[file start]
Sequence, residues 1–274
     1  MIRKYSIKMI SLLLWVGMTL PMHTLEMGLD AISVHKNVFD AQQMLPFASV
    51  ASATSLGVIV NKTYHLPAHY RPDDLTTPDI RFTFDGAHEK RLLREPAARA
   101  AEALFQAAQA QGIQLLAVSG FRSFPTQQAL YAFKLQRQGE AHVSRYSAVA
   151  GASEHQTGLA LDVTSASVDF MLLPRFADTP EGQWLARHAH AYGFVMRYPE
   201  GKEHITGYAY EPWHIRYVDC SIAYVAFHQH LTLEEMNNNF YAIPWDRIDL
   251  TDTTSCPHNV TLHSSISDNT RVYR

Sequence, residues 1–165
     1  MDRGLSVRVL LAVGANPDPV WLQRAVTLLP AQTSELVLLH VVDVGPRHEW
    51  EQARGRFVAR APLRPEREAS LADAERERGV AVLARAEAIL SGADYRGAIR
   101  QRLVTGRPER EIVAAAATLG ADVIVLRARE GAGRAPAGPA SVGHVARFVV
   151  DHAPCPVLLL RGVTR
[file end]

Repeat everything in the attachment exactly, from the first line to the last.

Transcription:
Sequence, residues 1–274
     1  MIRKYSIKMI SLLLWVGMTL PMHTLEMGLD AISVHKNVFD AQQMLPFASV
    51  ASATSLGVIV NKTYHLPAHY RPDDLTTPDI RFTFDGAHEK RLLREPAARA
   101  AEALFQAAQA QGIQLLAVSG FRSFPTQQAL YAFKLQRQGE AHVSRYSAVA
   151  GASEHQTGLA LDVTSASVDF MLLPRFADTP EGQWLARHAH AYGFVMRYPE
   201  GKEHITGYAY EPWHIRYVDC SIAYVAFHQH LTLEEMNNNF YAIPWDRIDL
   251  TDTTSCPHNV TLHSSISDNT RVYR

Sequence, residues 1–165
     1  MDRGLSVRVL LAVGANPDPV WLQRAVTLLP AQTSELVLLH VVDVGPRHEW
    51  EQARGRFVAR APLRPEREAS LADAERERGV AVLARAEAIL SGADYRGAIR
   101  QRLVTGRPER EIVAAAATLG ADVIVLRARE GAGRAPAGPA SVGHVARFVV
   151  DHAPCPVLLL RGVTR